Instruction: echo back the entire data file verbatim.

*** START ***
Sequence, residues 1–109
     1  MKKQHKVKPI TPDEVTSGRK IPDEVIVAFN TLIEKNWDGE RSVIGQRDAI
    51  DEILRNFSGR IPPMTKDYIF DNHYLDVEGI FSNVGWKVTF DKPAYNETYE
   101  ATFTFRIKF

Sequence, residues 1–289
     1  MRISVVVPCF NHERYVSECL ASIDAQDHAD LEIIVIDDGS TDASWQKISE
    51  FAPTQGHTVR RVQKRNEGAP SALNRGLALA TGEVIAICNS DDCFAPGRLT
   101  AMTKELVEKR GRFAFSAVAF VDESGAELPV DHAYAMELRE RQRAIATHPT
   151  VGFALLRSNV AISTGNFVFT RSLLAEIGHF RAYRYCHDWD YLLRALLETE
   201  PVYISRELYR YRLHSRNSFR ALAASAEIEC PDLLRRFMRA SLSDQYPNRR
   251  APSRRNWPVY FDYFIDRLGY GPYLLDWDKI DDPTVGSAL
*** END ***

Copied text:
Sequence, residues 1–109
     1  MKKQHKVKPI TPDEVTSGRK IPDEVIVAFN TLIEKNWDGE RSVIGQRDAI
    51  DEILRNFSGR IPPMTKDYIF DNHYLDVEGI FSNVGWKVTF DKPAYNETYE
   101  ATFTFRIKF

Sequence, residues 1–289
     1  MRISVVVPCF NHERYVSECL ASIDAQDHAD LEIIVIDDGS TDASWQKISE
    51  FAPTQGHTVR RVQKRNEGAP SALNRGLALA TGEVIAICNS DDCFAPGRLT
   101  AMTKELVEKR GRFAFSAVAF VDESGAELPV DHAYAMELRE RQRAIATHPT
   151  VGFALLRSNV AISTGNFVFT RSLLAEIGHF RAYRYCHDWD YLLRALLETE
   201  PVYISRELYR YRLHSRNSFR ALAASAEIEC PDLLRRFMRA SLSDQYPNRR
   251  APSRRNWPVY FDYFIDRLGY GPYLLDWDKI DDPTVGSAL